Thursday, August 9, 2012

Crochet Hook Holder

If you've looked at my Etsy shop recently, you probably noticed that I've been doing quite a bit of crocheting. Who doesn't like a cute little octopus? Or some flower coasters? No one, I say, no one. *Side note: Over the weekend I told my senior neighbor that I crochet and she kind of laughed about it. I know it's kind of dorky and something stereotypically for older people, but I love it anyway! My husband would tell you that he experiences the full scope of my crocheting endeavors because they cover (and I mean cover) our coffee table for weeks on end. I've decided recently to get a little more organized, for both of our sakes. All of my crochet hooks were housed in a recycled jar covered in a crocheted cozy, which worked for the time, but the jar was knocked over often, it was noisy (metal in glass..) and I had to transfer all the hooks into my tote to go places. p.s. Check out this tote:

I made this tote almost exactly like I saw one online for knitting. And, obviously, it's just a joke! I had someone concerned about me taking this in public because I might offend people..!
Now THIS was not in the original: I made some nifty slots to put my hooks in on the go.
Moving on. I saw this tutorial online a few days ago to make a clutch for crochet hooks and supplies, and thought it was such a great idea.

I made it the same day. Here's what mine looked like:

Not too shabby, right? It looks super cute, but here are a few issues I had and how I remedied them. The first issue was that my hooks have bamboo handles and are much larger than the ones the author used.

This means wider slots for hooks, which means less hooks in the holder. It also meant that the fabric bunched up a lot more when the hooks were in the holder, making it all ripply. Not cute. The clutch was also really floppy. I decided at this point to make it like this canvas roll up storage for some of my paint brushes. I cut off the button, and rolled the whole mess up to see where to sew the button again. I like it SO much better. It's a good throw and go option too.

If you decide to make this, you can just wait to put the button on until the end and decide if you'd like it as a clutch or roll up. Just make sure to only sew the button on through the first layer of fabric.

Here's another issue I had: You'll notice in the photo above that the inner-most hook slot is empty. That is where the scissors are intended to go. This is clutch not meant to be turned upside down. The scissors fall out. And you wouldn't want to drop scissors on your cat, your foot, or like a knife into the floor, would you? (I did two of these three .. I'm not telling which) Here's my solution.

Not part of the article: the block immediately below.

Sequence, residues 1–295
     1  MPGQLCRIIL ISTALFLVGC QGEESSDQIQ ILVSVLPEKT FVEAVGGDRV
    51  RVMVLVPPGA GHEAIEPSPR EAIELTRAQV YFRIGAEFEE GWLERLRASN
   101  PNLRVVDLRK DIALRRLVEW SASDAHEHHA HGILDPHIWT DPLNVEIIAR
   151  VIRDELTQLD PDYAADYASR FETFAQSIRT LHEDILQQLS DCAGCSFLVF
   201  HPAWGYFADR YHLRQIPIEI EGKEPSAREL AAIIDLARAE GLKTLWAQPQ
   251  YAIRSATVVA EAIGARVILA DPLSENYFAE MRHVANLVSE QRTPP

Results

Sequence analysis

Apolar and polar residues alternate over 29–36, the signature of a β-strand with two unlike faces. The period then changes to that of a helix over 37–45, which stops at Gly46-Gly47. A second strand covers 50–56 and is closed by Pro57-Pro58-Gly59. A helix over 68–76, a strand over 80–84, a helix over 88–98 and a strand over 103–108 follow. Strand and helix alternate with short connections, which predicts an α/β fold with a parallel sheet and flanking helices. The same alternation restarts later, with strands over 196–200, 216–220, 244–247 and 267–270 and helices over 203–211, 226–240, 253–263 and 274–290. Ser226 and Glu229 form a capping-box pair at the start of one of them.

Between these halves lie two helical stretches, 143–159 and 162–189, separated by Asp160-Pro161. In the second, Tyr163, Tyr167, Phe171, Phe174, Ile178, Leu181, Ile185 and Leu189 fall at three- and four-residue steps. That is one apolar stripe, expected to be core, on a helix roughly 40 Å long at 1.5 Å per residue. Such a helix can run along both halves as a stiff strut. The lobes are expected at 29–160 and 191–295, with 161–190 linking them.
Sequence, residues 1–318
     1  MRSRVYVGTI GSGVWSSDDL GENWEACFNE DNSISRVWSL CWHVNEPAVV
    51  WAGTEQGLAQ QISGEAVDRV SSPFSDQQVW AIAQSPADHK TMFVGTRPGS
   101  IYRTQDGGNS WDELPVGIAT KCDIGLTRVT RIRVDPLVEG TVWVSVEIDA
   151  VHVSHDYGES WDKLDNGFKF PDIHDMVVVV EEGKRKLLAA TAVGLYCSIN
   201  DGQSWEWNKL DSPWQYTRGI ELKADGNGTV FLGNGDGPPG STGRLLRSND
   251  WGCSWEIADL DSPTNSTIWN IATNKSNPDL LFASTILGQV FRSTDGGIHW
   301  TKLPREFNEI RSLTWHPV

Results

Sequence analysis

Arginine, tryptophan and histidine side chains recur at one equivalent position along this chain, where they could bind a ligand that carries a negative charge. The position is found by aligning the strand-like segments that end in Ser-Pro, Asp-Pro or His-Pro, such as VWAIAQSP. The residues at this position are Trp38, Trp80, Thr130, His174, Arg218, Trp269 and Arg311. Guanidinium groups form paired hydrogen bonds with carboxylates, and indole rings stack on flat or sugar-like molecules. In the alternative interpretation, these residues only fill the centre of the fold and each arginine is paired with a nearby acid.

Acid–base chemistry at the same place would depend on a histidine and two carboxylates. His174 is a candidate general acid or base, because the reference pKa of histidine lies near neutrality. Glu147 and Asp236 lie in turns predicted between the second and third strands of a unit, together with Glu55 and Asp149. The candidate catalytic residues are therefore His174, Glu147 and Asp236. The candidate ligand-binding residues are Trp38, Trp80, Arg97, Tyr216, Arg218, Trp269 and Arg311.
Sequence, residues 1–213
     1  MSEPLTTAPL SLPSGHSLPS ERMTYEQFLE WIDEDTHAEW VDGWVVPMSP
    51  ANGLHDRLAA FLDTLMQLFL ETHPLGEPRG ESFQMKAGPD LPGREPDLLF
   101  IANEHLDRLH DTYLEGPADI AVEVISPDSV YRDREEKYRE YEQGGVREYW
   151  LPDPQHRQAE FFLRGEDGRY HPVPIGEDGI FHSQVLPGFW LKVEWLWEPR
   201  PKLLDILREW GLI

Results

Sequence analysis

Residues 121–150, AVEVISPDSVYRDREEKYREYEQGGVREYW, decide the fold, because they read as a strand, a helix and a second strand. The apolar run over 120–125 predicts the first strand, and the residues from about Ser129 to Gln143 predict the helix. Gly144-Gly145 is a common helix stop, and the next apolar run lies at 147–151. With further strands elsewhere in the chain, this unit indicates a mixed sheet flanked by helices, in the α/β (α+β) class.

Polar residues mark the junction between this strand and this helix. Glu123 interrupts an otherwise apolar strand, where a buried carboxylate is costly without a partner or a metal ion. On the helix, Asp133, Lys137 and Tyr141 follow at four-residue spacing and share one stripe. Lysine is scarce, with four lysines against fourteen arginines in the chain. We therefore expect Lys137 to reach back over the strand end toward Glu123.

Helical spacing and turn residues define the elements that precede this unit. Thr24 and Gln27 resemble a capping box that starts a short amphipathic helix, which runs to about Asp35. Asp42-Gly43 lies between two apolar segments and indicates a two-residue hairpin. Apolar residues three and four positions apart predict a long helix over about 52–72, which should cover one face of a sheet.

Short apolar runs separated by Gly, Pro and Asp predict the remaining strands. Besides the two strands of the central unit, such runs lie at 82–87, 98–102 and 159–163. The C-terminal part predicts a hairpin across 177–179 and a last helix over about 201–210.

Velcro it up! I did this after the fact so it was a big pain hand sewing everything on, but if you add the little flap just after you sew on the slots for hooks, it would be super easy! I also added a little patch to hold straight pins, since I use them a lot for temporarily holding on octopus tentacles before I sew them on.

That's it! Easy storage for crochet hooks. It took me around an hour to make from start to finish .. plus a little more for the hand sewing additions after the fact. Check out Little Birdie Secrets' full tutorial here!

Friday, August 3, 2012

Tomato Basil Summer Pasta

One of the benefits from my job is being able to take off Fridays in August. The office is slow, so I don't need to be there as much.  I love having a three day weekend, being able to have an extra day of the Saturday morning feeling (my absolute favorite time of the week), and having enough bright sunlight when I cook to take photos! Here's recipe I found online and adapted to my liking. It's fresh and light, perfect for a summer lunch or dinner.

Tomato Basil Summer Pasta
Adapted from Ina's Summer Garden Pasta
2 pints grape tomatoes, halved
1/4 cup olive oil
3 garlic cloves, minced
12 basil leaves, sliced
1/4 tsp crushed red pepper
1/4 tsp salt
Pepper to taste
8 oz whole wheat angel hair or capellini pasta
3/4 cup shredded parmesan

1. In a large bowl, place the cherry tomatoes, olive oil, garlic, basil, crushed red pepper, salt and pepper, and toss to coat. Cover the bowl and let sit at room temperature for four hours.

2. Prepare pasta. Drain and add to the tomato mixture. Add cheese and toss to coat. Garnish with basil and extra cheese.

Total time: 4 hours 15 minutes
Hands on time: 15 minutes
Serves: 3